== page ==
Words and parallel worlds

”Writing, and especially poetry, is for me an act of survival, a necessity”, it is in these terms that the poetess Houda El Fchtali expresses her passion and her fascination for words, and this for their extraordinary power to allow him to travel to parallel worlds. ”Thanks to words, I manage to create parallel worlds to the extent of my aspirations and my inspirations.

A way to free myself from the heaviness of the world where I live, where we all live and above all to be able to express my thoughts, without embarrassment or resistance because if I had to choose, I would have preferred to live in another era. , she said, while defining herself as “a soul from another past”, in an interview given to MAP on the sidelines of her participation in this 27th edition of the International Book and Publishing Fair (SIEL 2022) which is being held exceptionally this year in Rabat, proclaimed African Capital of Culture.
During this fair, this trilingual Moroccan poetess (Arabic, French and English), will present her last two collections, namely, ”The edge of the blue” (The edge of the blue) and ”Written women” .

Two collections which are added to two others published previously, namely ”My words and worlds” (My words and my worlds) and ”Shades of my soul” (Shades of my soul). A polyglot poet, Houda El Fchtali also asserts herself as a poet with multiple influences and inspirations. On the linguistic register, she confides that, while writing mainly in English, she nevertheless likes to write poems in French and Arabic.

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In terms of influences and sources of inspiration, she makes it known that her poetry is very influenced by the arts in their entirety and states, in particular painting, cinema, music (jazz, blues and Jacques Brel), philosophy (Nietzsche and Spinoza ). In painting, she expresses her fascination for the “tawny master” Henri Matisse, whose works are at the origin of some of her poems. And also, locally, the paintings of her friend, the artist-painter Souad Sahel, who mainly paints portraits of women, which deeply inspired her in her fourth collection released last year in French, ”Women Written ”.

A poetic text that brings together around fifty poems on women in all their forms but without a feminist a priori. Because, for this poetess of water, image and color, exclusively blue, writing about women is not the monopoly of feminists. Defining herself as a poetess of the absolute and the infinite, in perpetual quest for divine truth in the immensity of the universe, Houda El Fchtali confides that “the Divine is always present in her poems”. . Hence, his fascination for Sufism and the great masters of this spiritual current like Ibn Arabi. Houda El Fchtali is a poetess of the soul, poems that impress with their spirituality, even their mysticism. Because, for her, being always comes before appearance and the truth of beings and objects is not accessible at first glance.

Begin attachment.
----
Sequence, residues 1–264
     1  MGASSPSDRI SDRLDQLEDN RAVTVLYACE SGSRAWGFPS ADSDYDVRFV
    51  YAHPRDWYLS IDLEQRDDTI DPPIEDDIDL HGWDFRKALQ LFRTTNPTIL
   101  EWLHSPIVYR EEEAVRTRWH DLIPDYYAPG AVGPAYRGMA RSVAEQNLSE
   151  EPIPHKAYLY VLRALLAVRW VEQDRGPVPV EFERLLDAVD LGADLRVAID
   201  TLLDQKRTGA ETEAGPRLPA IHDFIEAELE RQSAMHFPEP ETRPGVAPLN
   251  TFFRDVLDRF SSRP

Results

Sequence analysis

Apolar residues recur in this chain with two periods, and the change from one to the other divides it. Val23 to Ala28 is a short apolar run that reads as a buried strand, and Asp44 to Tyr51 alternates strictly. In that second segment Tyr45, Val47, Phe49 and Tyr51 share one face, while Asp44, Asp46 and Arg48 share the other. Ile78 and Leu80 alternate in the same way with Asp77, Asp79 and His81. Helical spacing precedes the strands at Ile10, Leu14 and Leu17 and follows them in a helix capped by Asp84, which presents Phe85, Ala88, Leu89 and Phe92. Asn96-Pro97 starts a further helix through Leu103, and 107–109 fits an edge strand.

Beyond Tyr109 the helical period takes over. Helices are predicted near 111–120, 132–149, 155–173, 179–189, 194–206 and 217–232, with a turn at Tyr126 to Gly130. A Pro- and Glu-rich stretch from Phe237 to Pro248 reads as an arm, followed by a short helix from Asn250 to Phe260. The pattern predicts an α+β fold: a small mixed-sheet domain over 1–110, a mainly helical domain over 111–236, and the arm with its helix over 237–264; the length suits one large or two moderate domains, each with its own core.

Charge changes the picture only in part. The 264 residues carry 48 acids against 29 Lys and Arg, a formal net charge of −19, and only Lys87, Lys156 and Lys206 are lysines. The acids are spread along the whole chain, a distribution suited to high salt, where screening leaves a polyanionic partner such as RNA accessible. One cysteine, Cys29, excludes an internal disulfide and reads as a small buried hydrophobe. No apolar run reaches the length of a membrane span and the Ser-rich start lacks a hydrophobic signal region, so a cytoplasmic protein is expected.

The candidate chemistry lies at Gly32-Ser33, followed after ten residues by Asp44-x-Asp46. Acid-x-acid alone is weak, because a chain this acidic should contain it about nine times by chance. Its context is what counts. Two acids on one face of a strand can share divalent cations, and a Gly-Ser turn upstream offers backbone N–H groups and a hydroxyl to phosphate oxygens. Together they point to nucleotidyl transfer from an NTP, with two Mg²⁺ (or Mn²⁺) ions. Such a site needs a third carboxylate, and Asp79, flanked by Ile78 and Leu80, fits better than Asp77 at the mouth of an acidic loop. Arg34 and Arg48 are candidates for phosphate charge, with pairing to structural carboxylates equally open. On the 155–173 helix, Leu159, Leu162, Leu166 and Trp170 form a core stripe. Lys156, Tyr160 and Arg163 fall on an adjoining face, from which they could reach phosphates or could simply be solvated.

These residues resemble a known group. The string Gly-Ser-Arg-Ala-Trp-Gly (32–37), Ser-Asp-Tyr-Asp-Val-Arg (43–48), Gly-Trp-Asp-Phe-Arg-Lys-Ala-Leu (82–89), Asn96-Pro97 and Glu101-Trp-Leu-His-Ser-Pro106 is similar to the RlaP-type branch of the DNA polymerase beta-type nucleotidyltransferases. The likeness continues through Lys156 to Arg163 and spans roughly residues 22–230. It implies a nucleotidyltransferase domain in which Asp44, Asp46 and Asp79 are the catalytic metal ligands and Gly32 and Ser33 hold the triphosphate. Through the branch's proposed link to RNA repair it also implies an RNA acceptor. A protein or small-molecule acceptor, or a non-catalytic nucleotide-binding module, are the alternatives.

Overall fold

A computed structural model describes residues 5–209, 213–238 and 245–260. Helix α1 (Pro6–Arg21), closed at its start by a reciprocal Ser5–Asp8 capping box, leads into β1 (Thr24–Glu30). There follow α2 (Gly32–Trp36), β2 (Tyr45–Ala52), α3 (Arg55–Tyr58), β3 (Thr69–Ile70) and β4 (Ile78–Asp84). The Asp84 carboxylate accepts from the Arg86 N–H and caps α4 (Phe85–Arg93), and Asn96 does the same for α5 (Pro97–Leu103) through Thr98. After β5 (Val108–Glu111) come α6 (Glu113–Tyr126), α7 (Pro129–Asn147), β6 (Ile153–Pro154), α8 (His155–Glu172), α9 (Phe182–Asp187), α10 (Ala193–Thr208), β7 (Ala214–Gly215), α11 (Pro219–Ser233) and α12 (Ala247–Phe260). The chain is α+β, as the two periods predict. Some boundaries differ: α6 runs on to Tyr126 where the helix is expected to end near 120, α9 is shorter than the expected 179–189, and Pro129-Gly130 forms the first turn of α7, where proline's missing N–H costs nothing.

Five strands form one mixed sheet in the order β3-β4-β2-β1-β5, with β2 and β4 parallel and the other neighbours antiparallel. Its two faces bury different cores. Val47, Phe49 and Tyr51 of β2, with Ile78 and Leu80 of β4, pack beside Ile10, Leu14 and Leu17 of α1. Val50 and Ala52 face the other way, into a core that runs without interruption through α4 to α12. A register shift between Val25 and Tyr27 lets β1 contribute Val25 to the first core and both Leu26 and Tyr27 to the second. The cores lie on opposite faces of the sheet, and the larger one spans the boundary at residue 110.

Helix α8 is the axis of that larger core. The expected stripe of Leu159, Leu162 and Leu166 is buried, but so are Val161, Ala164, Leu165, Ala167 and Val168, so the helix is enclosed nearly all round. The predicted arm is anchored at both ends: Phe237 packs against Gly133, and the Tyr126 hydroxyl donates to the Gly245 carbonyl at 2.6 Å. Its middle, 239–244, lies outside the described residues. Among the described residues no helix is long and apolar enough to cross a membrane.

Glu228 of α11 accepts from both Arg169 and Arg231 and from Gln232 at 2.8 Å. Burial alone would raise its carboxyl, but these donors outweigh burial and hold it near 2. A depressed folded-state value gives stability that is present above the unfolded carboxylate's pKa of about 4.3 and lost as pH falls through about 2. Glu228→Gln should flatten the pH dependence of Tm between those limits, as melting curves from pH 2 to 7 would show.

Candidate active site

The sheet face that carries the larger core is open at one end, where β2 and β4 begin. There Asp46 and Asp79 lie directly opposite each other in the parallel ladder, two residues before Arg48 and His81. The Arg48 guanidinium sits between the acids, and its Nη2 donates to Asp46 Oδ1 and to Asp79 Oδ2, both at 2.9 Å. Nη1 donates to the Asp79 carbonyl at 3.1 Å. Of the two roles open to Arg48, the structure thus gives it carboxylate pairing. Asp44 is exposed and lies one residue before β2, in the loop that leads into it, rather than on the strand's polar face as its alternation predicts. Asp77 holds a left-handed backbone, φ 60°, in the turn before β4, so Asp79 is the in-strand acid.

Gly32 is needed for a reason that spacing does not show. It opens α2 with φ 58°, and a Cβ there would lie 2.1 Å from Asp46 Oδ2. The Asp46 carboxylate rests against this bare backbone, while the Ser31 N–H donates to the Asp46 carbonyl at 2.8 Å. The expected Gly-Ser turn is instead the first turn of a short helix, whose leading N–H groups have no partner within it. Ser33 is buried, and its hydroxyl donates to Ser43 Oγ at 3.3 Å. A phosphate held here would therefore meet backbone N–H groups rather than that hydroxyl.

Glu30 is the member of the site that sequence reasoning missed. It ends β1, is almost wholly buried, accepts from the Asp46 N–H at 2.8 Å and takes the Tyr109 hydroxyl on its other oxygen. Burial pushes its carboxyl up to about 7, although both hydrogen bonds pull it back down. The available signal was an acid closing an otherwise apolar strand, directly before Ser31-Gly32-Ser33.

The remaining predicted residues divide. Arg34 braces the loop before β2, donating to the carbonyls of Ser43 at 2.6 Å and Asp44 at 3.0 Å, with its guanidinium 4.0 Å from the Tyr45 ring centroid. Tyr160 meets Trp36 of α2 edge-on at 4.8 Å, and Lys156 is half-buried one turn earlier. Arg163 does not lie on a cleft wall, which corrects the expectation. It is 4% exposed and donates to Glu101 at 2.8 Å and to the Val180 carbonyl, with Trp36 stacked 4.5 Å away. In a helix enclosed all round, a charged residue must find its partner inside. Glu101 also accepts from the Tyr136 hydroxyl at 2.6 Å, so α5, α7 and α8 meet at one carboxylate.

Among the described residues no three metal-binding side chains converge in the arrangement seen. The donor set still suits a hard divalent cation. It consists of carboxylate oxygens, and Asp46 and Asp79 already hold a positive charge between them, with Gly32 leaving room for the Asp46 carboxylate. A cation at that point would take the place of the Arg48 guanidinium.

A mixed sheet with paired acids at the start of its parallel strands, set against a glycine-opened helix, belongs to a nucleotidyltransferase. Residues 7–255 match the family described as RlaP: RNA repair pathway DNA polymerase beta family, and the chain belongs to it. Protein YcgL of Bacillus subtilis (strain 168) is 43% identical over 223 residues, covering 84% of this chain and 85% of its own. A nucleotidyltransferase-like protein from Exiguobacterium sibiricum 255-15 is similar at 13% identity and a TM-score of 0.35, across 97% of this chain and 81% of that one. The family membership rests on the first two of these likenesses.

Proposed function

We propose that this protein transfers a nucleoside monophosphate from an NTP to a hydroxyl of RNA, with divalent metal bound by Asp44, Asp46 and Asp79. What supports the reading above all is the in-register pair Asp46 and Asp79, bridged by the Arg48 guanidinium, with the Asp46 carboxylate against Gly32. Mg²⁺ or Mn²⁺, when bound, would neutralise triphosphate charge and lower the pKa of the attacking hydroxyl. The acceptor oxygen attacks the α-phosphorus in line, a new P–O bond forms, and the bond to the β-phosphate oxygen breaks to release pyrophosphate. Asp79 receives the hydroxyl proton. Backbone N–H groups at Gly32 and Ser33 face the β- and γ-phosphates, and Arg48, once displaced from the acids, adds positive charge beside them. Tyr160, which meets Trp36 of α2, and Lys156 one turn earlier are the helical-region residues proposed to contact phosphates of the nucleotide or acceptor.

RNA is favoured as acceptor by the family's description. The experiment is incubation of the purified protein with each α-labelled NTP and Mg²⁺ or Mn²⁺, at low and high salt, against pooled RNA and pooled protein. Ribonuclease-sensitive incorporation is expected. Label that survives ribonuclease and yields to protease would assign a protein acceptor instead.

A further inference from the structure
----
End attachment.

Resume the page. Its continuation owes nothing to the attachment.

In a preface to the collection ”Written Women”, the poet Abdelillah Jorio writes: ”Houda does not write to tell stories or depict a setting and sublimate it. She does not dive into the past to resuscitate her memory. She reincarnates her people, questions their silence, gives them this half-tragic, half-theatrical posture to reappear and continue to be present in her own world. And the world of Houda El Fchtali is both unique and common. A world where the real and the unreal form a “common room”.

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An infinite world, without beyond. And to devote herself fully and serenely to this quest for infinity, Houda El Fchtali decided this year to take early retirement after more than thirty years teaching English almost everywhere in schools in the Kingdom, especially at the end of journey in Meknes, her beloved hometown to which she has devoted numerous chronicles published in the written and electronic press, in addition to writings on the illustrious natives of the Ismaili capital, among others, the composer Nabil Benabdejalil and the artist- painter Mohammad Kacimi. She is also president of the ”Erato” Poetry Forum for Art and Culture and also a delegate of the ”Motivational Strips” International Poetry Forum.

She has also contributed to the publication of four international anthologies of poetry and a collective collection “100 poets for the Union of the Great Maghreb” bringing together the works of no less than 124 poetesses and poets from the Maghreb.

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